Panorpa scopulifera  Byers, 1993


Diagnosis:  This species belongs to the rufescens species group with only a single marginal spot along the costal margin at the base of the forewing; darkened crossveins in the apical half of the forewing; male hypovalves relatively long and thin, reaching to the end of the basistyles; basal lobe of the dististyles truncate apically and bearing a row of small, stout spines along the dorsal margin.  This species belongs to the subgroup of species with long, stout spines at the apico-mesal margin of the basistyles.  Panorpa scopulifera has hypovalves that do not quite reach the apex of the basistyles; they are bowed laterally and have long setae along their mesal margins.  The male ventral parameres are short, only reaching about 2/3 the length of the basistyles and have a comb of stout bristles along the apical half.


Distribution – Geographical:  This species is only known from the Piedmont region of northwestern South Carolina and northeastern Georgia.


Distribution – Temporal:  This species appears to have two adult emergence periods per year: 27 until 29 May and 1 September until 5 October.


Ecology:  Adults can be found in shaded forests primarily consisting of pines with scattered red gum, oaks, and hickory.  The understory vegetation is dense clumps of honeysuckle with some brambles and Virginia creeper.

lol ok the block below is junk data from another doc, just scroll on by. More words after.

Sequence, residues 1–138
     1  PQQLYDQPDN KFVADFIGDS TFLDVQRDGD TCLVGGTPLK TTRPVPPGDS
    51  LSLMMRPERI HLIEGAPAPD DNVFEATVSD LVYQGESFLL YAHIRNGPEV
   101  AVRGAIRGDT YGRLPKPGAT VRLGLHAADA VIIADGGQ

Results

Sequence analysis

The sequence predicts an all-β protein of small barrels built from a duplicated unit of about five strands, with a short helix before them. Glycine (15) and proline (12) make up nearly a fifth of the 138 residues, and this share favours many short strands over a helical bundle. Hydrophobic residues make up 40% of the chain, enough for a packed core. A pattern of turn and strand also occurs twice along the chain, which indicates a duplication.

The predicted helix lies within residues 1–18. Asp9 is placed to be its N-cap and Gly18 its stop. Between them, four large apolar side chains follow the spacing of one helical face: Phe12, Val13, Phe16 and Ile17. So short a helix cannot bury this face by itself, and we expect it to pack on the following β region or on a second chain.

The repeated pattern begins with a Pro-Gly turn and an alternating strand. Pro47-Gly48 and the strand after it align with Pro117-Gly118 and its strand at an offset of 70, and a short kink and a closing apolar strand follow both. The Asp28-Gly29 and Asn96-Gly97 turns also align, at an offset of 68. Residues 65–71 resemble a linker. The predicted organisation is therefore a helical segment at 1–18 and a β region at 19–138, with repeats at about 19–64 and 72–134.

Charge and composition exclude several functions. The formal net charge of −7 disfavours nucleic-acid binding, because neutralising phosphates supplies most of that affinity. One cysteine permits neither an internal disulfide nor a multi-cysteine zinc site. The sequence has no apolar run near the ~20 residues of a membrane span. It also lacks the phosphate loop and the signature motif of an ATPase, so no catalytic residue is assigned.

Biology:  Nothing is known of immature stages or life history.


Notes:  This species is very closely allied to Panorpa hispida and, in fact, may form regional morphs of the same species.  Males of both species have thick spines at the apex of the basistyles; thin, arched hypovalves with long setae along the mesal margins; and both have ventral parameres with a comb of spines along the apical half.  Panorpa hispida has longer ventral parameres that extend slightly beyond the base of the dististyles; and the female genital plate bears a triangular apical notch, rather than a quadrate notch in P. scopulifera.


The name scopulifera comes from the Latin words for “little brush” and “to bear”, referring to the short length of the ventral parameres of this species.



Byers, G.W. 1993. Autumnal Mecoptera of southeastern United States. University of Kansas Science Bulletin, 55(2):57-96.



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